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Eat Healthy and Enjoy!
Chinese food, like chocolate, is often deemed a ‘treat’; a sinful indulgence we guiltily experience, as if it were devoid of nutritional value. The chocolate myth was busted long ago, with studies proving its powerful benefits for the heart and its utility as an aid in weight loss. Chinese cuisine still has to catch up in this sense, since most people still think ‘feast’ instead of ‘meal’ when they opt for Chinese. In this post we feature a few simple ways to get the greatest nutritional value out of your next meal, without letting your health and fitness routine go by the wayside.
- Make it Authentic: Diners who first frequent a Chinese restaurant in another country can easily think that ‘the real thing’ consists of deep-fried meat and fish dishes, smothered in rich sauces and served with heavy, fried, sweet bread rolls. In fact, a traditional Chinese meal comprises only 20 per cent of meat, with vegetarian dishes taking the lion’s share of the table space. Veggies are usually stir-fried in a wok, so they are able to retain their crisp texture and high nutritional content. Steaming and braising are two additional methods of cooking, which ensure that meals are delicious but low in fat. Anyone on a sensible portion-controlled diet will find it easy to meat their match at a good Chinese restaurant. Opt for steamed rice rather than fried, fill up on veg rather than on meat and start your meal with a light salad instead of a deep fried spring roll. Ask your favourite restaurant if they have brown rice, since it is richer in Vitamins B3, B1, B6 (and contains more manganese, phosphorous and iron) than white rice. If you are unsure as to the true nutritional value of dishes which seem healthy at first sight, blogs like weightlosswars.com will shed light on the matter. As kwikmed.org notes, the site’s “advice ranges from how to avoid food that seems to be healthy, but has hidden dangers, such as sugars and artificial additives”.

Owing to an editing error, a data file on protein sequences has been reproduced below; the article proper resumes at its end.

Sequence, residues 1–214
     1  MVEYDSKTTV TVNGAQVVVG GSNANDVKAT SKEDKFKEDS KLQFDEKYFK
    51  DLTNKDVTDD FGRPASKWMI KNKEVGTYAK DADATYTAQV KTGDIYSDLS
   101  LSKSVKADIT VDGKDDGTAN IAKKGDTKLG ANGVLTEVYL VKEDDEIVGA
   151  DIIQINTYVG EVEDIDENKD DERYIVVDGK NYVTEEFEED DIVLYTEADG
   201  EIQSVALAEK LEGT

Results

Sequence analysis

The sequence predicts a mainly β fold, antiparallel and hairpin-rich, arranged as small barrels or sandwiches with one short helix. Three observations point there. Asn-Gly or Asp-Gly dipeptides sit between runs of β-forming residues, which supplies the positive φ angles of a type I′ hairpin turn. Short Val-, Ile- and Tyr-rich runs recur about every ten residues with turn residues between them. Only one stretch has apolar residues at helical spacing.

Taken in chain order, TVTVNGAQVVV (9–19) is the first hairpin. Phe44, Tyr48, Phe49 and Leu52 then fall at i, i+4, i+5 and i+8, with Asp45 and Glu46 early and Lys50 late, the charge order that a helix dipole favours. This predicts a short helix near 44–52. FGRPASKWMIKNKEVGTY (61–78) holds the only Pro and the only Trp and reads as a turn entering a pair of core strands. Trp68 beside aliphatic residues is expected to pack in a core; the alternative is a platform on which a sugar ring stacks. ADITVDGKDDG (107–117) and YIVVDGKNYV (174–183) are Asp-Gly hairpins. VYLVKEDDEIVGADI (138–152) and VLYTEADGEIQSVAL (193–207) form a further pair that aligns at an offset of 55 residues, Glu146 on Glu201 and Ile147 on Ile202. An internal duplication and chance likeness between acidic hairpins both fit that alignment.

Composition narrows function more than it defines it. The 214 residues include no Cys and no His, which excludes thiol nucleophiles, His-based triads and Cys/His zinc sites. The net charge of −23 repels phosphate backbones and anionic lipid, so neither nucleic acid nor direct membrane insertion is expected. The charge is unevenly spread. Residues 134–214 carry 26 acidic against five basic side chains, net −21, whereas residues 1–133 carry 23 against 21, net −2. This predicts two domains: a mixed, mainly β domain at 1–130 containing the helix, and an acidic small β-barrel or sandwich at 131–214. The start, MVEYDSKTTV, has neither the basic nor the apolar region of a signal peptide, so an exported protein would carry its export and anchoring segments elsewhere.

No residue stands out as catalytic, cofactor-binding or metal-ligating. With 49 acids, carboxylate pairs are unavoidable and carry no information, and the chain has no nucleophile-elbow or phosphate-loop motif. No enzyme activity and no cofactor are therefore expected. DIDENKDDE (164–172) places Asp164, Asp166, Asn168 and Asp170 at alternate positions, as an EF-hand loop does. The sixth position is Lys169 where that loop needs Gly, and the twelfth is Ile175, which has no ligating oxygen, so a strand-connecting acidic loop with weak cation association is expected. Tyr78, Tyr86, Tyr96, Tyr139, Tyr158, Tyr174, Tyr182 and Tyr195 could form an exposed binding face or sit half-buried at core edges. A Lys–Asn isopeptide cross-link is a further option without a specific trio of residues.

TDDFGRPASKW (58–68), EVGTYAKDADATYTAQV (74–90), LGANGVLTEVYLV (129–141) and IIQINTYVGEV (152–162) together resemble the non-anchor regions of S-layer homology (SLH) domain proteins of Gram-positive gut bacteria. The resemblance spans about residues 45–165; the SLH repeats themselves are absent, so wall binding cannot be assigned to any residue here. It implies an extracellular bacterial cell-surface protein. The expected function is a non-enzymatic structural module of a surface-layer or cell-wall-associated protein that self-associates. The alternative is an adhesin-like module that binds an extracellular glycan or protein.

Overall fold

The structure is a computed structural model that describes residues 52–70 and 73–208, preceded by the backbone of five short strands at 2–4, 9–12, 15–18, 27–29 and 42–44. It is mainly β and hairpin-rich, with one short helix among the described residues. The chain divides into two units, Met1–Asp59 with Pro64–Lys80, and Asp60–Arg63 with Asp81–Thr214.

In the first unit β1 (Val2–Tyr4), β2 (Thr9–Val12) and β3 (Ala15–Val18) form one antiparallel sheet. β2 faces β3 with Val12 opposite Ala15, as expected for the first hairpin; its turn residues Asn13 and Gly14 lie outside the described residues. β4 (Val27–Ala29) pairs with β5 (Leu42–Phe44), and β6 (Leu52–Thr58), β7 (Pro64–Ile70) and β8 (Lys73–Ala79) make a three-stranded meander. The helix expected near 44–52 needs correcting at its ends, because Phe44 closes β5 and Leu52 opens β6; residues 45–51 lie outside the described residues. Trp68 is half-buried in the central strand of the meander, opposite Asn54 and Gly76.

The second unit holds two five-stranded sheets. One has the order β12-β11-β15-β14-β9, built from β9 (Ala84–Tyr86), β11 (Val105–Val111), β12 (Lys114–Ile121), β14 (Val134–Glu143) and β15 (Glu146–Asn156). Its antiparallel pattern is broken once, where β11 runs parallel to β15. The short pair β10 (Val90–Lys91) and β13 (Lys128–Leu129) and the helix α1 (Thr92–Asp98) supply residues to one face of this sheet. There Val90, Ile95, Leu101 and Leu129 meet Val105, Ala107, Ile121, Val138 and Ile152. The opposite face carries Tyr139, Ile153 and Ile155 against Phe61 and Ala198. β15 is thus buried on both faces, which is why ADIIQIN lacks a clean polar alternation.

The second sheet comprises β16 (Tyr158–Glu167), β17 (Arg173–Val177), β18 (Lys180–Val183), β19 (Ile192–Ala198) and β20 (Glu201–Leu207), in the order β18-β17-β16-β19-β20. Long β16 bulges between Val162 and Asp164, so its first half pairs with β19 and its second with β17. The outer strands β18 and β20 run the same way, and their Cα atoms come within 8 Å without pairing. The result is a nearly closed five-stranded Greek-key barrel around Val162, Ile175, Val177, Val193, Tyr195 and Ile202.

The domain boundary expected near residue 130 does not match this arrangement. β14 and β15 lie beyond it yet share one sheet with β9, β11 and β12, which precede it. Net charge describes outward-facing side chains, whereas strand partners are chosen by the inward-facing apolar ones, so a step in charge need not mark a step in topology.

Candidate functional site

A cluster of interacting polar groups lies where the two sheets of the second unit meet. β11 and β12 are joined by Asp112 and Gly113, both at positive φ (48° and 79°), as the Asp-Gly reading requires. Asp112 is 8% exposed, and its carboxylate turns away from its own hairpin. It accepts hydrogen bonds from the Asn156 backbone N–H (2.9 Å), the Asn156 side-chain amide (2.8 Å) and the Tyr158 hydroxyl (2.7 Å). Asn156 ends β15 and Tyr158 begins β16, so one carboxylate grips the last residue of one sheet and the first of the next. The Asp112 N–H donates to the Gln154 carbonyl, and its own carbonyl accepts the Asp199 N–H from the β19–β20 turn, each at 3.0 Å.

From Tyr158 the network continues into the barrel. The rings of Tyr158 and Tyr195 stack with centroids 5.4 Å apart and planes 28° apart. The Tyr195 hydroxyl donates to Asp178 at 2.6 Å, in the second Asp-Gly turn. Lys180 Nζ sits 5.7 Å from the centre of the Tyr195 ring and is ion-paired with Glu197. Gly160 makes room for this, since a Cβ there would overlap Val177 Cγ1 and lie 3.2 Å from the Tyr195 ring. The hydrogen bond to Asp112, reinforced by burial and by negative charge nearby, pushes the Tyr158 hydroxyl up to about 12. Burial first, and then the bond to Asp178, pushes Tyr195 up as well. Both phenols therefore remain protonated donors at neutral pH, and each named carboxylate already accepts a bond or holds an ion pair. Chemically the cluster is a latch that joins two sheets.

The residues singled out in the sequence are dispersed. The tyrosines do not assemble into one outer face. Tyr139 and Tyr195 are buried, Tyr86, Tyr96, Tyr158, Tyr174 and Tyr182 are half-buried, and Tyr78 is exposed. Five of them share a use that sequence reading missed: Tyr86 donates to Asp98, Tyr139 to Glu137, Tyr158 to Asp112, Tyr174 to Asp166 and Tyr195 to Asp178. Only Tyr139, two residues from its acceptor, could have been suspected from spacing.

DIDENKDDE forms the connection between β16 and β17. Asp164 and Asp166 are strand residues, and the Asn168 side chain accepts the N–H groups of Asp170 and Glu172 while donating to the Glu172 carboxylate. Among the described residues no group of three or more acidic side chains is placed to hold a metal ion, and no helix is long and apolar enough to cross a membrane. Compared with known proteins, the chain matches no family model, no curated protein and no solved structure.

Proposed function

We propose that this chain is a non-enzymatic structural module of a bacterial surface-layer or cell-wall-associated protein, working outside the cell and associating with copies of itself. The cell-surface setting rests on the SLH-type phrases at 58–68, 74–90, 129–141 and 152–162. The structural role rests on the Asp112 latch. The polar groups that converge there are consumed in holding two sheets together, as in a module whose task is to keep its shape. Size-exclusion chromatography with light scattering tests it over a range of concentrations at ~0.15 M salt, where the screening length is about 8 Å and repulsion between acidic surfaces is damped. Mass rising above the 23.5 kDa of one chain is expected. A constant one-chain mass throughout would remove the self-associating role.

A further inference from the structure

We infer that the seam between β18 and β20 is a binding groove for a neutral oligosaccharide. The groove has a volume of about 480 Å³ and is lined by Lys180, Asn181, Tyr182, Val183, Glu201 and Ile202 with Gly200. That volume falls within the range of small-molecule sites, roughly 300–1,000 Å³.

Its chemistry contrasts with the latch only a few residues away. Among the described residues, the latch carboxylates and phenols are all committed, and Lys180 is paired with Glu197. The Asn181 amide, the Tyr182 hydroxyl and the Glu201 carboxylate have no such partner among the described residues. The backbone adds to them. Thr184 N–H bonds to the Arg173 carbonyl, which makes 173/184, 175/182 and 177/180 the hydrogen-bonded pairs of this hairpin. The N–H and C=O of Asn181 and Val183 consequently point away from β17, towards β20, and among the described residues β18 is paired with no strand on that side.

- Don’t Pass On the Soup: Soup is normally served at all Chinese meals, and is an excellent way to stay hydrated without having to drink copious amounts of water. Soup will also add to your sense of satiety, so that you will be less tempted to fill up on more calorie-dense dishes.
- Eat Until You are Satisfied, Toss the Calorie Book: The problem with diets which restricts us in terms of the number of calories or amount of carbohydrates we can consume, is that they are simply begging to be broken. In China, calorie counting is not the norm; rather, the aim is to consume a healthy balance of proteins, carbohydrates on fat, filling up mainly on vegetables and steamed or wok-cooked proteins. Try to focus on variety in color, texture and flavor rather than on calorie counting. After all, countless products (including diet drinks and sugar-free gum) have zero calories yet lack any nutritional value at all, while so called ‘high-calorie’ snacks, like walnuts or raw chocolate, have been proven to promote heart health, fight oxidative stress and improve the functioning of the immune system.
- Choose Wisely: Some of the most powerful foods in the world can be found in the most unsuspecting dishes. Take garlic, chilli and ginger. Don’t shy away from their strong flavour, since they house potent antioxidants that can help stave off everything from the common cold to heart disease. Make sure you head for an authentic Chinese restaurant that gives due importance to fresh, seasonal ingredients. Some of the healthiest options include steamed (rather than fried) spring rolls and dumplings, a plate of stir-fried mixed vegetables and wok-cooked chicken.
- End Your Meal on a Green Note: Once you have satisfied your hunger, try skipping a sweet dessert in favour of a soothing cup of green tea. The latter is one of the world’s riches sources of polyphenol antioxidants, in particular, a catechin known as epigallocatechin-3-gallate, which is thought to be the source of green tea’s powerful health benefits. Studies have shown that green tea lowers the risk of death due to all causes, including cancer and heart disease. Green tea has also been proven to lower the risk of breast cancer, prevent coronary artery disease and inhibit atherosclerosis.